Dangerous Electrical Panels
There’s a fair chance you own one of the many electrical panels known to be dangerous. They can subject the home to fire danger or, for someone working on them, electrical shock.
Do you own a dangerous panel? What are the risks?
The following will help answer such questions.
Safety is a top priority for Sustainable Energy Group, for you as well as our workers, so the age and condition of your electrical system is of great importance.
We’re more than just a solar company. We’re a group of licensed contractors that perform all manner of electrical services. We intend on installing solar equipment that will not only serve the electrical needs of your home, but interact safely with the utility grid for years to come.
Electrical safety has changed a great deal over the last one hundred years. More and more electrical safety experts are putting emphasis on proper maintenance and how it relates to electrical safety.
Since 2012 the NFPA (National Fire Protection Association) has continued to focus on pro-active and pre-emptive electrical maintenance. Proper maintenance, which includes replacing devices when they’ve reached the end of their intended use or “design life”, is often overlooked. It is deprioritized all together because these electrical devices just keep working so well.
Your electrical system protects your family and your property, so allowing it to “age-out” can be risky and dangerous.
Now, with that being said, let’s take a look at some of the older electrical equipment we come across, the safety issues they present, and why we have chosen not to connect to them.
Zinsco, Sylvania, Federal Pacific Electric (FPE), Stab-Loc, GTE, Unicorn and Kearney are manufacturers whose electrical equipment was at one time installed in our County and many other Counties across our nation. This equipment has been identified by both electrical professionals as well as independent, professional forensic testing as not performing as intended.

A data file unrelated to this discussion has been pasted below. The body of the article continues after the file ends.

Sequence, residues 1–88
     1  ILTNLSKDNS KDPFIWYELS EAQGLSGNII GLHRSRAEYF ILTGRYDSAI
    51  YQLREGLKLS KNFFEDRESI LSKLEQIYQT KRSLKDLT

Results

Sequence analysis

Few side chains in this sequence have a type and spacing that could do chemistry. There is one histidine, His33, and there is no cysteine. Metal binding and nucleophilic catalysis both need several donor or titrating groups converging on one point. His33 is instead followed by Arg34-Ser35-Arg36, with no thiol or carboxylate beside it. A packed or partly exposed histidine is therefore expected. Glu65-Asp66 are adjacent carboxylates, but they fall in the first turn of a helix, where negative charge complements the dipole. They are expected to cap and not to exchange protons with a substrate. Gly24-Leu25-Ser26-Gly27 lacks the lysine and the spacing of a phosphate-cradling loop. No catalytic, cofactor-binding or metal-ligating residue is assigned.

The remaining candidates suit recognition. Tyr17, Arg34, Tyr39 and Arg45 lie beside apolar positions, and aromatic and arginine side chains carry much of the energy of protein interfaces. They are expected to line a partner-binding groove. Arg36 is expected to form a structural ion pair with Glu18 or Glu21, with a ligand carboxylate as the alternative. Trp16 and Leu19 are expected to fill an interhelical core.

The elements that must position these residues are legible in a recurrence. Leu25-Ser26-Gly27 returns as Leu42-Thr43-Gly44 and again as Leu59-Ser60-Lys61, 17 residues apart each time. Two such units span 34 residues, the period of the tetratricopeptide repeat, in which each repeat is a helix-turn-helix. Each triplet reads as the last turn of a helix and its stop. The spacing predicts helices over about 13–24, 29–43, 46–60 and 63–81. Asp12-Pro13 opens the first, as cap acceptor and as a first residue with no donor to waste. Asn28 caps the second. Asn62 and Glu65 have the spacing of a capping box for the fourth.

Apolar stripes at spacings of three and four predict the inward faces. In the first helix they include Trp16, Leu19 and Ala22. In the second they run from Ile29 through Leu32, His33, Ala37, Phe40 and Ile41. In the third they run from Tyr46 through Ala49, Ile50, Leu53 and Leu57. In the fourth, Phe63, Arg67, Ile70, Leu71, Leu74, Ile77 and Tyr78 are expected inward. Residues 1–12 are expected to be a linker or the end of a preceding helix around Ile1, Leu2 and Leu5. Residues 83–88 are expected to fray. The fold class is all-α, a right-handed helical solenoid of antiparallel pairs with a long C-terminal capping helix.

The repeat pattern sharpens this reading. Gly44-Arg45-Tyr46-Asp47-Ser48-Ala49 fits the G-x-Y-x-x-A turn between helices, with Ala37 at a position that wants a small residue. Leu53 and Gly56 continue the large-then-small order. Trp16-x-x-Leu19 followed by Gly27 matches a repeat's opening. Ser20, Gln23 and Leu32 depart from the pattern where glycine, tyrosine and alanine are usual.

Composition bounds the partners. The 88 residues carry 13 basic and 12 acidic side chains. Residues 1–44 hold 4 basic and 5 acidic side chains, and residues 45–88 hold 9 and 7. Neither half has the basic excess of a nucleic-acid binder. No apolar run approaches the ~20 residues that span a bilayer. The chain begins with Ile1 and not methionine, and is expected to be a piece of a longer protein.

In fact, 28.8% of breakers FAIL to perform their function at all. The scary fact of the matter is that 1-in-3 breakers in these electrical panels most likely will not function as intended.
It should be noted that not all Sylvania and GTE-Sylvania panels are dangerous, but only a qualified electrician will know the difference.
We need to stop repeating the adage “If it isn’t broken, don’t fix it”. This will ultimately come back to bite us when our electrical safety system does not protect us or our home.
An electrical main-panel, from which all electricity is distributed throughout the home, has a design life of approximately 60 years. Most of these electrical panels (with a manufacturer name of Zinsco or GTE especially) were made in 1973 or earlier!
This means there is a fair likelihood that any one (or all) of these panels were manufactured at the minimum 46 years ago. If you decide to wait to replace this equipment it’s a bit like waiting to get new tires on your car until they all pop or explode while you are driving!
The difference is that when your electrical panel fails, either someone gets injured or a fire is started. This is not a scare tactic. This is a revelation. Perhaps we should think about maintaining and taking care of our electrical infrastructure before it fails.
There have been numerous articles published over the last 20 years about this very subject. None of them contain good news or support this style of design. All electrical manufacturers have evolved away from this type of circuit breaker. Testing methods (UL-489) used to verify breaker function have become more comprehensive and complete, serving to further reveal their design flaw.
The links below will open a veritable rabbit-hole of information on all these manufacturers, including useful information on identifying one of these panels. Our company would be happy to tell you whether or not you have one of them, as we routinely replace these panels when installing solar systems.
This link takes you to a master page for Inspectapedia’s information on this subject, lots of great reading and photos.
This link takes you to a very easy to understand explanation of how these systems usually fail.
This link will take you to NACHI’s page on electrical safety, and professional home inspector’s analysis of this subject.